This research uses anonymised tax data and student loan records for 260,000 students up to 10 years after graduation to study graduate earnings. This is the first time a ‘big data’ approach has been used to look at how graduate earnings vary by institution of study, degree subject and parental income.
The data set includes cohorts of graduates who started university in the period 1998–2011 and whose earnings (or lack of earnings) are then observed over a number of tax years. In the paper, we largely focus on the tax year 2012/13 and we find that graduates from richer family backgrounds earn significantly more after graduation than their poorer counterparts, even after allowing for differences in institution attended and subject studied.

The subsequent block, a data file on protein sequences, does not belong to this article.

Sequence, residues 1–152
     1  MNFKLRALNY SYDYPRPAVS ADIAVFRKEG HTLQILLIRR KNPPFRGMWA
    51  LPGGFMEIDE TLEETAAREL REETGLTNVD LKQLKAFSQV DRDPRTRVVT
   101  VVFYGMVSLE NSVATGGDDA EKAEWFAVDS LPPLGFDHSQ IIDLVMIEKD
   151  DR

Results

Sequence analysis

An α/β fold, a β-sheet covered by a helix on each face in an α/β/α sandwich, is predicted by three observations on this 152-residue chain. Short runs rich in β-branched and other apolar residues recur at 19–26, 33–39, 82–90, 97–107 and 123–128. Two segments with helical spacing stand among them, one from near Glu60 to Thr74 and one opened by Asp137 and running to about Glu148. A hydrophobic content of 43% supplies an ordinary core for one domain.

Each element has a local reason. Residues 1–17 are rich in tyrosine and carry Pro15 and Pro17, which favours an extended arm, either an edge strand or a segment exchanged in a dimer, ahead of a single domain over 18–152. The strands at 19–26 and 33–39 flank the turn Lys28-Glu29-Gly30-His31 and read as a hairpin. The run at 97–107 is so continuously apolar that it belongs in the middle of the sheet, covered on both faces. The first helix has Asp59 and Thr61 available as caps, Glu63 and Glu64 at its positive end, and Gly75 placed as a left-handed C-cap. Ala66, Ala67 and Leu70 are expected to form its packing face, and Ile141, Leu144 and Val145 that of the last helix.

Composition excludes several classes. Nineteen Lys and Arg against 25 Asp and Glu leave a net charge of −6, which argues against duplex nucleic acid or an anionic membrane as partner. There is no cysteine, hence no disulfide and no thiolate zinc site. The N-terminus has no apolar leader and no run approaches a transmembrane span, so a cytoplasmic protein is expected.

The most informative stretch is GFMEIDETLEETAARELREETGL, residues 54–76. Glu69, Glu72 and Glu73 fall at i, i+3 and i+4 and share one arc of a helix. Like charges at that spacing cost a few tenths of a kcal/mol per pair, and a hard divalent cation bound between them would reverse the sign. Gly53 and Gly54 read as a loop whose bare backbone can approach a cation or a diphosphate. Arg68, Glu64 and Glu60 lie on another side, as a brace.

There are also particularly big differences in earnings according to which university a student attended. This is in large part, though by no means entirely, driven by differences in entry requirements to different institutions. Differences in earnings according to subject studied are also very substantial with medicine and economics being particularly high earning subjects.
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